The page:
A Floating Point Joke

Next time you hear that “there are 10 types of people in the world, those who understand binary and those who don't”, remember that:

There are roughly 0011111111111111 types of people in the world, those who understand floating point numbers, and those who don't.

It's possible that you don't get it – when those 16 bits are interpreted by a computer as a real number, they mean “very nearly two”. You may laugh now.

An explanation

The 16 bits are interpreted in three sections, summarised in the table below, and the final value (“very nearly two”) is the product of all three.

Bits Name Value
0............... Sign positive
.01111.......... Exponent $$2^{(15-15)} = 1$$
......1111111111 Fraction 1.999023

The sign

The first bit is the sign and 0 means positive.

The exponent

The exponent determines the order of magnitude of the represented number. The five bits 01111 are interpreted as base 2 (binary as in the “10 types of people” joke), which comes to $1+2+4+8=15$.

That value is used as $n$ to calculate $2^{(n-15)}$, and was deliberately chosen here so that the exponent is $2^0 = 1$. The -15 is known as the “zero offset”.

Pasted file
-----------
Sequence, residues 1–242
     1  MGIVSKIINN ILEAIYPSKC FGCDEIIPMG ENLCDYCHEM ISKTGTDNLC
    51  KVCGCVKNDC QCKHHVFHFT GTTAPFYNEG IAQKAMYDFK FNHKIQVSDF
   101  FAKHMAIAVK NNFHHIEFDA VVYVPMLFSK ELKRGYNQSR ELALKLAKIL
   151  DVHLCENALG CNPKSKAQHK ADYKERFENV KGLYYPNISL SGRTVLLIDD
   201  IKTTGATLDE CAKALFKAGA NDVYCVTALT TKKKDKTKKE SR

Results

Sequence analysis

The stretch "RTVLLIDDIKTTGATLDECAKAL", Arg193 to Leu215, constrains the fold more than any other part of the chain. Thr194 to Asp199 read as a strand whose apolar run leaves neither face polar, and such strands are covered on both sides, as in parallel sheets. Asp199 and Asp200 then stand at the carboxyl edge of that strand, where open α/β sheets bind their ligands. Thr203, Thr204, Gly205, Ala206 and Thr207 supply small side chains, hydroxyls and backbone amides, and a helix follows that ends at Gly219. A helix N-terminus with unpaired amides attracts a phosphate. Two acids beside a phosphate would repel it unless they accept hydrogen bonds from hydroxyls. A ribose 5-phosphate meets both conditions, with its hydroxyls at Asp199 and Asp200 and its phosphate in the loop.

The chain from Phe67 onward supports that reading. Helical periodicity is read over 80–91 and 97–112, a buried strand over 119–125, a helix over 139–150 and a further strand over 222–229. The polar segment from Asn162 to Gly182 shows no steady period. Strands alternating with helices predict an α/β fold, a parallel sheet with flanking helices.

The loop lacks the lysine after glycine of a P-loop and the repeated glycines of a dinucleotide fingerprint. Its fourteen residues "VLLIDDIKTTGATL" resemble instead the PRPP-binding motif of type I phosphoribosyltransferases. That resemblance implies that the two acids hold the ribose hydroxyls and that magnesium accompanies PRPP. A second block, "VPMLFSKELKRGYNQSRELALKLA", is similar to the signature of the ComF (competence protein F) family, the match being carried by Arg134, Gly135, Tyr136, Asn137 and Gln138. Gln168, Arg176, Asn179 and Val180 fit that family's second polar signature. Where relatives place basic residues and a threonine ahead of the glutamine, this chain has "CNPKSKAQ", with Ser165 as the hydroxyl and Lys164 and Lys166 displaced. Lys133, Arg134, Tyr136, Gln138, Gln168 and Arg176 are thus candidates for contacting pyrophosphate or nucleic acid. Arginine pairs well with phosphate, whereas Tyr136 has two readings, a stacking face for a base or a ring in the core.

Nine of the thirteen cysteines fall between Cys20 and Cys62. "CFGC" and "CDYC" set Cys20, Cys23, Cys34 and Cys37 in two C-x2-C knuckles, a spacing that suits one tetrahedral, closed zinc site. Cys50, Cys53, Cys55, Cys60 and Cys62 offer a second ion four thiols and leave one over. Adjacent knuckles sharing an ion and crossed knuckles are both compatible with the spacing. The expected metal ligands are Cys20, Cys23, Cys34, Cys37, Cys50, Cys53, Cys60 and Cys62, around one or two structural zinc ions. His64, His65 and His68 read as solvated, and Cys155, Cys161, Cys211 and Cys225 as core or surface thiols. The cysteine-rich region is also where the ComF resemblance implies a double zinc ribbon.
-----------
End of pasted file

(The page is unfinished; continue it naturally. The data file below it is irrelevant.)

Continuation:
The fraction

The remaining bits each represent a value in the series $2^{-n}$. If set, the first bit has value $\frac{1}{2}$ and every other bit is worth half of the previous one. The fractional part of the floating point number (also called the mantissa) is the sum of those values, plus one. It may help you remember that additional one if you think of it as an implied leading bit, or it may not. The effect is that the fraction is always between 1 and very nearly 2.

The fraction therefore has the value

$1 + \frac{1}{2} + \frac{1}{4} + \frac{1}{8} + \frac{1}{16} + \frac{1}{32} + \frac{1}{64} + \frac{1}{128} + \frac{1}{256} + \frac{1}{512} + \frac{1}{1024} =$1.999023

The punchline

Putting it all together produces $(+1 \times 1 \times 1.999023) = 1.999023$

It doesn't quite split people into two categories. It means that there are roughly 1.999023 types of people in the world, and not one of them should expect perfect representations of real numbers from floating point approximations.

Meanwhile, in the real world

All of the above is for a 16-bit floating point number, known as “half-precision”, but 32 or 64 bits are more common. They are interpreted in the same way, but with different sizes of exponents, fractions and zero offsets - for details, see IEEE754. If you make the leading two bits 0 and the remainder 1, then the longer the representation, the closer it can get to 2. For example with 32 bits 00111111111111111111111111111111 is 1.999998.

Unlike most real numbers, there are exact representations of decimal 2 in this format, for example 0100000000000000, an exponent of 21 multiplied by a mantissa of all zeros (remember the implied leading bit of 1, so a mantissa of zeros multiplies the exponent by 1). But where's the fun in that?